I keep telling myself that my kids will be more supportive and more sympathetic “when they are older”. I am not just not sure what the magic age for this will be. There is a 20 year span from my youngest to my eldest. I am not saying they are never supportive or sympathetic, but being firmly planted, as I am, in the Sandwich Generation years right now, and dealing with elder issues as well as those of my four kids, all with very different needs, issues and talents, I know I would love to feel a little more supported. I would love to feel that my kids see me as a person (with flaws and strengths) and also that they appreciate the things I have done for them. I know, though, that it took me a while to begin to see my parents as human and as having feelings, needs, hopes and aspirations of their own. I wasn’t always as supportive to them, in retrospect, as might have been helpful when they were going through various life stage changes and crises.
For example, when my father lost his job after 41 years of working for the same company, I knew he was worried, but I was too busy focusing on how this might affect me and whether I would need to take a break from my education and plans.
When my grandparents began to age and to suffer from various complaints with which my parents had to deal, it never occurred to me that they might have felt fear, stress and overwhelm. I expected them to be right there taking care of me and championing my causes and ambitions, as always.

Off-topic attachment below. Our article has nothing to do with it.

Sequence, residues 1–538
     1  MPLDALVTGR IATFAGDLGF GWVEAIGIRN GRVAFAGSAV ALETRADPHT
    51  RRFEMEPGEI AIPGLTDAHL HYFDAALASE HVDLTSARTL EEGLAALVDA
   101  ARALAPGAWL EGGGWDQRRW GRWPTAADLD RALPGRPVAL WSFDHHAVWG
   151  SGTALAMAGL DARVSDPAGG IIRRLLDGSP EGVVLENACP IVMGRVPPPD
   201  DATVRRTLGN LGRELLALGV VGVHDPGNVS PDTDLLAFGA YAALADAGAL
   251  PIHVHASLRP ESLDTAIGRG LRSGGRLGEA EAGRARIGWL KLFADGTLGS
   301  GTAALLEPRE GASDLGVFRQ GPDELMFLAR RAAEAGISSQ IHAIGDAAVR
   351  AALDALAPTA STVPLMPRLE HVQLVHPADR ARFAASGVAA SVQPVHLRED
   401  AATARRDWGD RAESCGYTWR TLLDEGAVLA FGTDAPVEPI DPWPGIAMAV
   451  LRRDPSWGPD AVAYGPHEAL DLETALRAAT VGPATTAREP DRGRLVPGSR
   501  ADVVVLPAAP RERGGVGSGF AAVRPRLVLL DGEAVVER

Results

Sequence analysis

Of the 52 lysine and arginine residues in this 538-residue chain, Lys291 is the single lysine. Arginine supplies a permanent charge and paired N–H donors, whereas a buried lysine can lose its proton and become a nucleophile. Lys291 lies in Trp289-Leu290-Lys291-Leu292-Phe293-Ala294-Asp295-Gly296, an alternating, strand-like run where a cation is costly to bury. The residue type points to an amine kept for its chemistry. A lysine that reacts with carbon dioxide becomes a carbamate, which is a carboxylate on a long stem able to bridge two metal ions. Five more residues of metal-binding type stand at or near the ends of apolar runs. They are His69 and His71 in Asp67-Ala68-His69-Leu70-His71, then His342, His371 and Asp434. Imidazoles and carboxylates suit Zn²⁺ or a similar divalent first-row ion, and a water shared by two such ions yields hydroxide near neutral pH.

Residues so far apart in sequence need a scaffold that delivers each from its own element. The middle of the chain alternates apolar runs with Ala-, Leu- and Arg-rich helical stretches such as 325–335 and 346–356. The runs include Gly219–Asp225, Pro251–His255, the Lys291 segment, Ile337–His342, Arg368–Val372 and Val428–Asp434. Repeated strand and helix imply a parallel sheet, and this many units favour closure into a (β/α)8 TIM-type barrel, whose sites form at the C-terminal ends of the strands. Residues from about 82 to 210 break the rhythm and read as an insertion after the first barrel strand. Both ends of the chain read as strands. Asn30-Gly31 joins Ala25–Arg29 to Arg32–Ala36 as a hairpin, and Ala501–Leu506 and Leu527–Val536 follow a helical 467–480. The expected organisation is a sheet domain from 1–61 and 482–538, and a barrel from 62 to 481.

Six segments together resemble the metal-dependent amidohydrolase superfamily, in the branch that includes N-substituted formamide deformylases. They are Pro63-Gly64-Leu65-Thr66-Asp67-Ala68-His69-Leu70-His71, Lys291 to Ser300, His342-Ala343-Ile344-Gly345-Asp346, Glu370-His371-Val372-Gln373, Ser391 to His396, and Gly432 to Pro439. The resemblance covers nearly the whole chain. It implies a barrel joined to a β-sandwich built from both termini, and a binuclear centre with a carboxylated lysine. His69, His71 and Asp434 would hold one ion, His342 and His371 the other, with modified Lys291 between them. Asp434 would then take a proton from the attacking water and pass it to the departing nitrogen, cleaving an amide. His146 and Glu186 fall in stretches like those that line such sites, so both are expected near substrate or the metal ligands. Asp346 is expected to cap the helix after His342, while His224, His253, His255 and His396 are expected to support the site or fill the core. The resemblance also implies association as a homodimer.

When my brother died in his forties, I simply could not yet comprehend the grief my parents were experiencing. I was caught up in my own feelings of loss. Even though I was then in my thirties, I suppose I was not yet mature enough to consider ways in which I could be comforting to them.
When my father died, I mourned and missed him terribly. I did some concrete things to help my mother but the reality of how alone she must have been feeling and of the adjustments she had to make, just did not penetrate my life. Granted, I was, myself, caring for a family and for a very sick husband. Yet, when he died, less than a year after my father’s death, I took somewhat for granted that my mother would step in and help me get through things. She spent a month with us in CT and though expressing emotions were not easy for her, her strength and presence helped us all through those terrible days more than I could have imagined.
I have hopes that my kids will broaden their world views beyond what they are now. They certainly have in some respects, but not necessarily when it comes to family issues. I know how much I cherish and value the memories of my parents and other family members who are long gone. My mother-in-law is most likely now in the final days of her life and suddenly, the memories of how she used to be, and tales about her are very prominent and important in our minds.
I understand that each of us learns, develops and matures in his or her own unique way and according to our individual timetable. I do hope, though, that on my gravestone, my kids will not decide to write, “She never allowed us to eat Twinkies”. I hope they will find some meaningful and heartfelt words with which to immortalize me and that their memories will include more positives stories than negative ones.